Tis’ Election Season, IV: Uganda Edition

Bobi Wine leads activists in protest (Reuters)

What’s the Chop?

When Bobi Wine was barely four years old, Yoweri Museveni became president of Uganda. Thirty-five years later, with Museveni still staunchly in power, Bobi Wine set out to change that. Let’s just say, things certainly didn’t go according to plan.

Who is Bobi Wine?

Robert Kyagulanyi Ssentamu, widely known as Bobi Wine, is a 38-year old musician turned legislator. Though he often commented on social and political issues through his music, the pivot to politics came after the 2016 Uganda elections when he realized there was no chance of a peaceful transition to power through elections. He set out hoping to ignite the hope of the Ugandan people and charge them to change their destiny.

In April 2017, Bobi contested for a parliamentary seat and won by a wide margin, and has since then enjoyed popularity and support from many Ugandan youths. But it certainly hasn’t been smooth sailing for him — he has experienced continuous persecution by the government, including being arrested and reportedly tortured on multiple occasions on charges of treason, leading a protest without authorisation, etc. Despite all this, in July 2019, Bobi Wine tossed his hat in the presidential ring, but Museveni wasn’t having it.

What did Museveni do?

Bobi Wine and his supporters reported multiple incidences of harassment on the campaign trail. For example, two days before the election, soldiers raided Bobi Wine’s home, arresting his staff and his private security team. Scores of anti-government protesters were killed before the election in clashes between supporters of Bobi Wine and security officials. 48 hours before the election, there was an internet shutdown imposed by the Uganda Communications Commission restricting citizens’ access to social media platforms like Facebook and Twitter. International election observers were also not allowed into Uganda. Bobi Wine and his wife were also put under house arrest after the election, without any legal reasons and had their phone lines cut off.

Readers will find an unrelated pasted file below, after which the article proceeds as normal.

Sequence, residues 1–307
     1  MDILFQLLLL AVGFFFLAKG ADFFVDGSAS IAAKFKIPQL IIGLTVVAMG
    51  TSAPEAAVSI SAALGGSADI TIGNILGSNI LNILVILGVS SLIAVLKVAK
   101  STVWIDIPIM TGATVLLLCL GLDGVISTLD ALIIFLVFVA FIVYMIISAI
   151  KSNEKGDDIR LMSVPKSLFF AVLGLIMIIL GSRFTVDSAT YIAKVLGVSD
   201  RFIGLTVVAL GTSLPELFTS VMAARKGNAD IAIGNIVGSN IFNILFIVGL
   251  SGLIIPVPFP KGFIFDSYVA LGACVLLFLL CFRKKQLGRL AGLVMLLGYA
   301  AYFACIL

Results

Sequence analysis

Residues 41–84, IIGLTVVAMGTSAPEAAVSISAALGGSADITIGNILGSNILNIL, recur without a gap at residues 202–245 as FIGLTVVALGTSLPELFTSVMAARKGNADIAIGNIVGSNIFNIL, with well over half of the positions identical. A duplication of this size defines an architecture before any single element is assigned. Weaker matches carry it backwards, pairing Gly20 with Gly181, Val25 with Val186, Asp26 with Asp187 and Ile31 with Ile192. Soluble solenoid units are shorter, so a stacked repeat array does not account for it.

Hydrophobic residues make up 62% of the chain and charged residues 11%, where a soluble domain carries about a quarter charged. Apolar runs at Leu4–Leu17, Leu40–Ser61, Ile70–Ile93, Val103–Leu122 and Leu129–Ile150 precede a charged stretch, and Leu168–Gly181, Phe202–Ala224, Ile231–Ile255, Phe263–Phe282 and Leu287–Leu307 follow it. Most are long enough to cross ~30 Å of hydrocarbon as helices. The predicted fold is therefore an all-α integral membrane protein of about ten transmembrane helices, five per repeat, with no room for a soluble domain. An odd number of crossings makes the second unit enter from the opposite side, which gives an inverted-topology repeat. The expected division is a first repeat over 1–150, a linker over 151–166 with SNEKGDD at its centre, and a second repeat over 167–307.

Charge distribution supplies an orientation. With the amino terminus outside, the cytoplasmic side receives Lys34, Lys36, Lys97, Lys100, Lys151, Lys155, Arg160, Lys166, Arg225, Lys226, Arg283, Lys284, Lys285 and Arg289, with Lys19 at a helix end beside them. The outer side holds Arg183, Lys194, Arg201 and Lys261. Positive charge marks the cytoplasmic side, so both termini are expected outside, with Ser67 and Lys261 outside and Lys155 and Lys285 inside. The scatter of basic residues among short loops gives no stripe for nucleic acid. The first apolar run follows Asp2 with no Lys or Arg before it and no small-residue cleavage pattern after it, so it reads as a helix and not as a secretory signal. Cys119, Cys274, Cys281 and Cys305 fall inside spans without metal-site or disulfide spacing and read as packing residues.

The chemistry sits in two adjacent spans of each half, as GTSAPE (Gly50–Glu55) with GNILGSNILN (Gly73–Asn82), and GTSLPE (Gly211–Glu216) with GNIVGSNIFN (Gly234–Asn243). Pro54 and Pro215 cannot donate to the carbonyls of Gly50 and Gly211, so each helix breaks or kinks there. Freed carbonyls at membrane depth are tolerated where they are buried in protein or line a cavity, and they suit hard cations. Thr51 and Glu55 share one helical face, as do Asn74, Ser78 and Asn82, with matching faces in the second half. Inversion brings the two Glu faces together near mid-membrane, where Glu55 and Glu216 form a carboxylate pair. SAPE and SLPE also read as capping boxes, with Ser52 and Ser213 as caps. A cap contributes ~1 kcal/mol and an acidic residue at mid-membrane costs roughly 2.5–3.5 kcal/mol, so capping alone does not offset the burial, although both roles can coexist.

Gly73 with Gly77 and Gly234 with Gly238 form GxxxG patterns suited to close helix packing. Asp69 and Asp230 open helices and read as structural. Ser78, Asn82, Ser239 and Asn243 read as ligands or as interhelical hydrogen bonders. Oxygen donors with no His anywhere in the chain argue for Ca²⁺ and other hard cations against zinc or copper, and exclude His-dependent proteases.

That’s terrible. How did the elections go?

With 57% voter turnout, President Museveni was declared the winner of the elections with 59% of the votes. Bobi Wine won 35% of the votes. The chair of the electoral commission insisted it was a peaceful election, backing Museveni’s claim of the election being ‘the most cheating-free election since 1962.’ Bobi Wine, in contrast, has rejected the results citing multiple irregularities. He believes that the police and military took over the elections. He claims there was ballot-box stuffing, intimidation, and that his party’s agents had been beaten and chased away during the election. He has also promised to share video proof of voting fraud when internet connections are restored.

Are Bobi Wine’s claims true?

Well, the African Elections Watch Coalition agrees with Bobi Wine, as does the US State Department, which has called for “independent, credible, impartial, and thorough investigations” into “many credible reports” of irregularities. In contrast, the East African observer and those from the African Union concluded that voting was largely peaceful and noted there were no major incidents to disrupt the exercise. It is unclear whether Bobi Wine intends to contest the result of the elections in the court. He has said that going to the court is a mockery, as President Museveni controls the court.

Your Takeaway.

Ultimately, despite this depressing sequence of events and Museveni’s continued hold on power going into almost forty years now, we are reminded that every fight has a crucial purpose. Because: despite Bobi Wine’s loss, he has undoubtedly made giant strides — in this election, his party succeeded in removing many of President Museveni’s ministers and legislators — including the vice president — from parliament. This is a worthy feat and will undoubtedly make a huge difference in Ugandan politics over the next couple of years. This presence of the opposition in various other arms of government is likely to bring some more accountability to Museveni’s running of the country.

What can I do?

Don’t be discouraged. Despite Museveni’s current status as dictator, he was once responsible for ousting a dictator, which — disheartening as that turn of events is — reminds us that it is entirely possible. Don’t let up, don’t back down.

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